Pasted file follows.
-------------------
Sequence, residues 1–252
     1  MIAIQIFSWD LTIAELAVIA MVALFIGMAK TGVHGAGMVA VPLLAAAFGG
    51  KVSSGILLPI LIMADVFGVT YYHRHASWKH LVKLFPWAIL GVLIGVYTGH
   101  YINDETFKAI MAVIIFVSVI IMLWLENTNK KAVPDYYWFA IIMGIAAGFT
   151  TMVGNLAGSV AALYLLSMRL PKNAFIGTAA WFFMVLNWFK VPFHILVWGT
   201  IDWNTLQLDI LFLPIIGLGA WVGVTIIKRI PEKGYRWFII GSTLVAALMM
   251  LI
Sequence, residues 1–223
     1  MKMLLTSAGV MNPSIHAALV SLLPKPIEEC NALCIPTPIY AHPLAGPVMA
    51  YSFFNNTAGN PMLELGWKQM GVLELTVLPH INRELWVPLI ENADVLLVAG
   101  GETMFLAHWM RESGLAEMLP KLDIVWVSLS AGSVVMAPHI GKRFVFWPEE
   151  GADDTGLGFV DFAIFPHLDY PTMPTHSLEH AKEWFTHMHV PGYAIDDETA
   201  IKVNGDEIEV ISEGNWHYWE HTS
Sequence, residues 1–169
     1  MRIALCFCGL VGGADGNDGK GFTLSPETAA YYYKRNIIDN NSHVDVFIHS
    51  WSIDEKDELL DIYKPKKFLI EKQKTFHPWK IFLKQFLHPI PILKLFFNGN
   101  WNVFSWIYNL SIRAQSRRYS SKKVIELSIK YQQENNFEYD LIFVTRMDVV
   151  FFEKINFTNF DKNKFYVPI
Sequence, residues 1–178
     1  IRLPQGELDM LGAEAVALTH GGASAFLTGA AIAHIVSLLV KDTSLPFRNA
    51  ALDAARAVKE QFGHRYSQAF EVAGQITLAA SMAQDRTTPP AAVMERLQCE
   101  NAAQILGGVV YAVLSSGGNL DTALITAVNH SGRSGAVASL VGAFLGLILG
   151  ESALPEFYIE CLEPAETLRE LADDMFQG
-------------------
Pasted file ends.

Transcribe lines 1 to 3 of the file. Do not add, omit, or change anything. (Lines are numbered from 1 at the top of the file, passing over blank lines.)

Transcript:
Sequence, residues 1–252
     1  MIAIQIFSWD LTIAELAVIA MVALFIGMAK TGVHGAGMVA VPLLAAAFGG
    51  KVSSGILLPI LIMADVFGVT YYHRHASWKH LVKLFPWAIL GVLIGVYTGH